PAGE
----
A noninvasive method for in situ determination of mating success in female American lobsters (Homarus americanus)
Goldstein, Jason S.
Pugh, Tracy L.
Dubofsky, Elizabeth A.
Lavalli, Kari L.
Watson, Winsor H.
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Citation (published version)Jason S. Goldstein, Tracy L. Pugh, Elizabeth A. Dubofsky, Kari L. Lavalli, Michael Clancy, Winsor H. Watson. 2014. "A noninvasive method for in situ determination of mating success in female American lobsters (Homarus americanus).." J Vis Exp, Issue 84, pp. e50498 - p. 1-5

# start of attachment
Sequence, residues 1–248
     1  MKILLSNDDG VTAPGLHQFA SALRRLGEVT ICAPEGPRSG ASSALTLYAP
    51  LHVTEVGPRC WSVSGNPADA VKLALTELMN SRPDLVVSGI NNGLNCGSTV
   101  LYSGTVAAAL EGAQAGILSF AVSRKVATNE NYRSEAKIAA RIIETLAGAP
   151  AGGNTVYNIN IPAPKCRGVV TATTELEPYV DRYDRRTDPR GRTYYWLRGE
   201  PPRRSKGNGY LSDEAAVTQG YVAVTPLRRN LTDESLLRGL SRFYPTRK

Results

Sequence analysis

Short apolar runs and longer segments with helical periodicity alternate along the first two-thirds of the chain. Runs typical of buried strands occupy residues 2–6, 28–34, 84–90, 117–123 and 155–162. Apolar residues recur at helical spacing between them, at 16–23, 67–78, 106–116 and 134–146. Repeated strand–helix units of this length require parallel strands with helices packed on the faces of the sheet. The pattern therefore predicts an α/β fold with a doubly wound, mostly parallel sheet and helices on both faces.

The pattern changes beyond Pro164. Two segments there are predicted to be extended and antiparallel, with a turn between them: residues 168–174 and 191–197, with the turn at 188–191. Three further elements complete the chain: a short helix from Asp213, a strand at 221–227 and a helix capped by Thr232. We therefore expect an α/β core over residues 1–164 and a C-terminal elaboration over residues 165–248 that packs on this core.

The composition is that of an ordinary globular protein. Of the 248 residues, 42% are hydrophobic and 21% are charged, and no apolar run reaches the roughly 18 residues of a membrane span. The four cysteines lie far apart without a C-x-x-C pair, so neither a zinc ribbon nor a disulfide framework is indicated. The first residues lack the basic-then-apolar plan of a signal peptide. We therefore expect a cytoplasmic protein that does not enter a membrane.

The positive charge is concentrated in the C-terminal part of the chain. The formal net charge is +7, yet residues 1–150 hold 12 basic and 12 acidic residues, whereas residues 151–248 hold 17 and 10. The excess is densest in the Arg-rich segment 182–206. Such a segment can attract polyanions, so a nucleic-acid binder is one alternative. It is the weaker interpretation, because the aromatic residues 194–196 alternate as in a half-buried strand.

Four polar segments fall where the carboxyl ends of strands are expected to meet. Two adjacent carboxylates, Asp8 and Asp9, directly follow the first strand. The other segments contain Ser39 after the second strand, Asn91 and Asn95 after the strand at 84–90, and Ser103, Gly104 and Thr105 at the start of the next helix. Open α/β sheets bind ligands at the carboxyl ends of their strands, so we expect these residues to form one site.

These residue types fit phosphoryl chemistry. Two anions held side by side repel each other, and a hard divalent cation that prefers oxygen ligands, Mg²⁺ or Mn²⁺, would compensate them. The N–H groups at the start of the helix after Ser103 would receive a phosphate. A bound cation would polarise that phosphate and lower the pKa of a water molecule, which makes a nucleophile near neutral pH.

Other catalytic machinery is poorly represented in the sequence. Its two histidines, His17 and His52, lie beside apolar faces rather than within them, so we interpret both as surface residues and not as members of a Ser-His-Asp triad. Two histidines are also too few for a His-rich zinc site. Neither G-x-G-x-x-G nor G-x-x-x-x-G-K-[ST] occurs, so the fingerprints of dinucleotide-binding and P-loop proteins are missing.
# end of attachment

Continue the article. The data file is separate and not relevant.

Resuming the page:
Despite being one of the most productive fisheries in the Northwest Atlantic, much remains unknown about the natural reproductive dynamics of American lobsters. Recent work in exploited crustacean populations (crabs and lobsters) suggests that there are circumstances where mature females are unable to achieve their full reproductive potential due to sperm limitation. To examine this possibility in different regions of the American lobster fishery, a reliable and noninvasive method was developed for sampling large numbers of female lobsters at sea. This method involves inserting a blunt-tipped needle into the female's seminal receptacle to determine the presence or absence of a sperm plug and to withdraw a sample that can be examined for the presence of sperm. A series of control studies were conducted at the dock and in the laboratory to test the reliability of this technique. These efforts entailed sampling 294 female lobsters to confirm that the presence of a sperm plug was a reliable indicator of sperm within the receptacle and thus, mating. This paper details the methodology and the results obtained from a subset of the total females sampled. Of the 230 female lobsters sampled from George's Bank and Cape Ann, MA (size range = 71-145 mm in carapace length), 90.3% were positive for sperm. Potential explanations for the absence of sperm in some females include: immaturity (lack of physiological maturity), breakdown of the sperm plug after being used to fertilize a clutch of eggs, and lack of mating activity. The surveys indicate that this technique for examining the mating success of female lobsters is a reliable proxy that can be used in the field to document reproductive activity in natural populations.
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